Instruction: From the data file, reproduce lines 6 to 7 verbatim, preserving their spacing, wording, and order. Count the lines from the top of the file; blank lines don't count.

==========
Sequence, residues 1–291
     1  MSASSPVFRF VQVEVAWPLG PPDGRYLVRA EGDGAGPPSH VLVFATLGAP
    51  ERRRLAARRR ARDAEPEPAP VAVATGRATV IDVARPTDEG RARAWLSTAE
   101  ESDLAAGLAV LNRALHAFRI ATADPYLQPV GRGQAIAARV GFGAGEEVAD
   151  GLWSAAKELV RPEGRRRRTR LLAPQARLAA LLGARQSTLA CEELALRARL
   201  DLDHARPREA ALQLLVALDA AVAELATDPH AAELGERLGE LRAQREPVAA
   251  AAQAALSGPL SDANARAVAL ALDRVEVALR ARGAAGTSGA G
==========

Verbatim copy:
   201  DLDHARPREA ALQLLVALDA AVAELATDPH AAELGERLGE LRAQREPVAA
   251  AAQAALSGPL SDANARAVAL ALDRVEVALR ARGAAGTSGA G